Reviewed: “Between Shades of Gray” by Ruta Sepetys

Between Shades of GrayYou should know, before you read any further, that this is not a review of Fifty Shades of Gray. That books was/is an apparently hugely popular fanfiction story turned into mega-bestselling BDSM book – I won’t call it a novel – that I never read. This book, Between Shades of Gray, should be a hugely popular, mega-bestselling novel. If it’s BDSM you want, move along. If it’s historical fiction based on one of the most horrific, and yet little known, parts of modern history you want, please stay.

But surely you can see the confusion between the two titles. After all, both books even came out around the same time. Even the author of my book, Ruta Sepetys, admits to the confusion but embraced it because;

…she counts the title confusion as a positive. Many of the E L James fans who wander into her readings — most of them men, she notes — stick around and end up learning something. (source)

Anyway, on to my review of Between Shades of Gray:

Lina Vilkas is fifteen when she, along with her mother and brother are ordered out of the house in Lithuania by the NKVD and ordered onto a train. She doesn’t know where her father is and they don’t know where they’re going.

It’s 1941, and Josef Stalin is in the middle of a fierce fight for the survival of the Soviet Union. For him, that means eating up territory as fast as Adolf Hitler is. Lithuania, along with every other Baltic state, and Finland, is made a part of the Soviet Union. The people in those countries, though, are regarded with suspicion, to put it mildly, and millions are put on trains marginally less terrifying than what the Jews rode to the concentration camps, and sent deep into the Soviet Union. The most common destination? Siberia.

That’s were Lina goes, first to the Altai region and then to places so barren that you probably didn’t know existed.

The story is heartbreaking. At the same time, it gives you hope because it’s a story of survival too.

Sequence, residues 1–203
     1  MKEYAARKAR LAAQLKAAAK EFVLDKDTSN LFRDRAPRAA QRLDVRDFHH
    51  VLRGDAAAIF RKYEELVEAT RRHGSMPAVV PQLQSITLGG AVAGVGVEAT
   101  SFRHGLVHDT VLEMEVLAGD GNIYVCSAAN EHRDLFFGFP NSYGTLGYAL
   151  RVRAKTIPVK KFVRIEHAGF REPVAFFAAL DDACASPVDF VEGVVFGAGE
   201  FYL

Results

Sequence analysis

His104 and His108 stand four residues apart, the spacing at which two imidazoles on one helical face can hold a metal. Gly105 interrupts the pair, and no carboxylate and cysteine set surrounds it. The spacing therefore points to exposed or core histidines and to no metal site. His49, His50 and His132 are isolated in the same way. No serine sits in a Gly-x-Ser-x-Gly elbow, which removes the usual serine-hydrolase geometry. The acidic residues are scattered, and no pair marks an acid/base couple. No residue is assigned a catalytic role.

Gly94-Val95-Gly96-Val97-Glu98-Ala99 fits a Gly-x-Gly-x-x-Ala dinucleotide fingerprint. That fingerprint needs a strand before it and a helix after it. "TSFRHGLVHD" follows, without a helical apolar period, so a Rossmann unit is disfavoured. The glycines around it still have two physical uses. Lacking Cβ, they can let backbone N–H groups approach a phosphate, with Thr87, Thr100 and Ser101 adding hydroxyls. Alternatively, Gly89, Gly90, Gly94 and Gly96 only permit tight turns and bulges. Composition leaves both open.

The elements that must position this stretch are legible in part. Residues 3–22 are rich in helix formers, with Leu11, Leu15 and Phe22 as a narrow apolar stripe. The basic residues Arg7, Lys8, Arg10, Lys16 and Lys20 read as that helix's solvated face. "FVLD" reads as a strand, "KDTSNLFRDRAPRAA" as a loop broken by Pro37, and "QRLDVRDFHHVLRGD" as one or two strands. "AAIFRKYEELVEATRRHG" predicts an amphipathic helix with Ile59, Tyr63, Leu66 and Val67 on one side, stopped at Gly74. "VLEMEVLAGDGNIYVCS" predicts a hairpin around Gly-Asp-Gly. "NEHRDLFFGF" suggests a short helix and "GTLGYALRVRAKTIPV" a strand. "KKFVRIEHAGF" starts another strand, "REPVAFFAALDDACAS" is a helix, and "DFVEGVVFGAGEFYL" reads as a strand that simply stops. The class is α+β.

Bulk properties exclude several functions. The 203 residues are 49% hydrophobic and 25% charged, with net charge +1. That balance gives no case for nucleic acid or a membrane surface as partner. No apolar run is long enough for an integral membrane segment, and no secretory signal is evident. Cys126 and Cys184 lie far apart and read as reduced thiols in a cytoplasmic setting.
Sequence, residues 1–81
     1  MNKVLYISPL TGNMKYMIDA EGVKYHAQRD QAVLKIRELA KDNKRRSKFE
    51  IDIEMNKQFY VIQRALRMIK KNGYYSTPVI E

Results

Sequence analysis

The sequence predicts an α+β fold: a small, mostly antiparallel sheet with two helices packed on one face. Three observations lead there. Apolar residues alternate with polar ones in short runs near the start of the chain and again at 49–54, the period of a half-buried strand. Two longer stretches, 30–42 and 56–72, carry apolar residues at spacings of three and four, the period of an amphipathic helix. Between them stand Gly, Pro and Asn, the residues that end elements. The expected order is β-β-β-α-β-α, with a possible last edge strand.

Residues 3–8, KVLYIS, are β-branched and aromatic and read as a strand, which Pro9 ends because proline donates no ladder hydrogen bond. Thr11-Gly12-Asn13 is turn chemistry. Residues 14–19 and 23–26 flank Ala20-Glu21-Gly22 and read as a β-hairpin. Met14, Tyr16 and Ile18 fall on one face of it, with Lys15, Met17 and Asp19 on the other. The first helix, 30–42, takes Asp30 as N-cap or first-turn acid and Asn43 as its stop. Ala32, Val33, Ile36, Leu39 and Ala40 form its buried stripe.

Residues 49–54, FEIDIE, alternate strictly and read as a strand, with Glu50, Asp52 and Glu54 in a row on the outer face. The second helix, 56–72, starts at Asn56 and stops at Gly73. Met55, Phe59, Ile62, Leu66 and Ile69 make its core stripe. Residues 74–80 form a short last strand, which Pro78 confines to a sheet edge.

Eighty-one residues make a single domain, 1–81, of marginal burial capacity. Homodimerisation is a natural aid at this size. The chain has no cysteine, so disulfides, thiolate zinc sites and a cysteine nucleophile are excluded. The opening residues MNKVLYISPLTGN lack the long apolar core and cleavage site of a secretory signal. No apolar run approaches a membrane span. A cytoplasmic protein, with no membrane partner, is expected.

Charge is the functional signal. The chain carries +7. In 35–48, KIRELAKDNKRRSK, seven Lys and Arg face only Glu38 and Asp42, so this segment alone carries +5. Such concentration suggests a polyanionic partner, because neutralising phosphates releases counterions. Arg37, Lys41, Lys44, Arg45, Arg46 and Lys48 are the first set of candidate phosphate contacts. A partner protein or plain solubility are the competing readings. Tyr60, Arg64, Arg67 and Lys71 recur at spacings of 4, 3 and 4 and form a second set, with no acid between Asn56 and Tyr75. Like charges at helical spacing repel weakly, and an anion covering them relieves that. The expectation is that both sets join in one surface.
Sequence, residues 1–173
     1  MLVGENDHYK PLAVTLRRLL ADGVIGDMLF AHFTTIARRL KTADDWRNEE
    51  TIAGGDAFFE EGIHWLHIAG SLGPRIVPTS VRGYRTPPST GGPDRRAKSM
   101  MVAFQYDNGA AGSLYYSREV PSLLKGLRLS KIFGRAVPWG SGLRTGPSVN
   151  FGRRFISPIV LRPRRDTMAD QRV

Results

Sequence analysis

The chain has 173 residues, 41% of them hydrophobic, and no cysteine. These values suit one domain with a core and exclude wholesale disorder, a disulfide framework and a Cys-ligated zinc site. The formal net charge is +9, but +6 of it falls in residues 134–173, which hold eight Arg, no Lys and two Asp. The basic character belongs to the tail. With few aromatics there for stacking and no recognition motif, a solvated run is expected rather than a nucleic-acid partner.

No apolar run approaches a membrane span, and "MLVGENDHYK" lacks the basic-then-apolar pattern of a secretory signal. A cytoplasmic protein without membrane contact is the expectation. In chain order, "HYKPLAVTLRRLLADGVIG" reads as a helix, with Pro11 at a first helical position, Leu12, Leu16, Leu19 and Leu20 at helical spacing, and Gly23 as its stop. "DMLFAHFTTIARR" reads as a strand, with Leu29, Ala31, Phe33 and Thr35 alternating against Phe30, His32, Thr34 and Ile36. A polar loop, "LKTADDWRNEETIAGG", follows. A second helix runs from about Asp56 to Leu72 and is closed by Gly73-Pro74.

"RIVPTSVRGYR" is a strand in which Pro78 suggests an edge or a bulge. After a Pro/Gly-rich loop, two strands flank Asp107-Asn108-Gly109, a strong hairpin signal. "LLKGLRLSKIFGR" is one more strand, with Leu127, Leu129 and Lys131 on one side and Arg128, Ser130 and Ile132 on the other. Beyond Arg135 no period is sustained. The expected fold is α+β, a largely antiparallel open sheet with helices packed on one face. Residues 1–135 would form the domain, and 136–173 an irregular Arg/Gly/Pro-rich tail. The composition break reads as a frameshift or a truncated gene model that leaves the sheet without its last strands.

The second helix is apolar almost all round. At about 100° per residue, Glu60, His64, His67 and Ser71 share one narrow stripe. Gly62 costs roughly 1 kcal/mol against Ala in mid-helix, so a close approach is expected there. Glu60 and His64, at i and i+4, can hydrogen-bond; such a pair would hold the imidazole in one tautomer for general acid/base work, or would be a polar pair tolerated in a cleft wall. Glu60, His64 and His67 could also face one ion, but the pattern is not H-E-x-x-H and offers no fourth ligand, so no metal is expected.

You can’t help but put yourself in the place of Lina.

What would you do if you were given twenty minutes to pack a bag before you were put on a weeks long train ride, only to end up in a Soviet gulag where you got exactly 300 grams of bread each day, and only that, in return for working from dawn to dusk? What about when, as a fifteen year old girl, you’re told that your sentence is twenty-five years of hard labor for a crime you didn’t commit? And when a boy is nice to you do you trust him completely or do you worry he’s only lulling you into a false sense of security so that he can turn you in and get ten years added to your sentence and special privileges for himself? What about if a NKVD guard is nice to you, sometimes? Why is he nice? Why is he so cruel?

What about when you’re taken to a place on the Laptev Sea where there are no shelters whatsoever and you’re told to make shelter for yourself from driftwood before the polar winter comes? How do you keep living?

All these questions are reasons why I finished the 330+ page book I got on Monday night on Thursday afternoon. I couldn’t stop reading and I couldn’t stop thinking. When I wasn’t reading the book, I was thinking about it. So I read some more.

It’s classified as a YA novel, perhaps because Lina is a young adult, and the chapters are incredibly short, but all that lends itself to the story. It’s told through Lina’s eyes and anything more complicated would not be real to what Lina saw and experienced.

I knew Stalin had gulags where he imprisoned tens of millions of people but other than Alexander Solzhenitsyn’s The Gulag Archipelago, which I have not read, I’ve never come across any books about life in the gulags. Now I’m researching the gulags and books about life there online.

For me, that’s the sign of a truly good book, one that I will read again and again.

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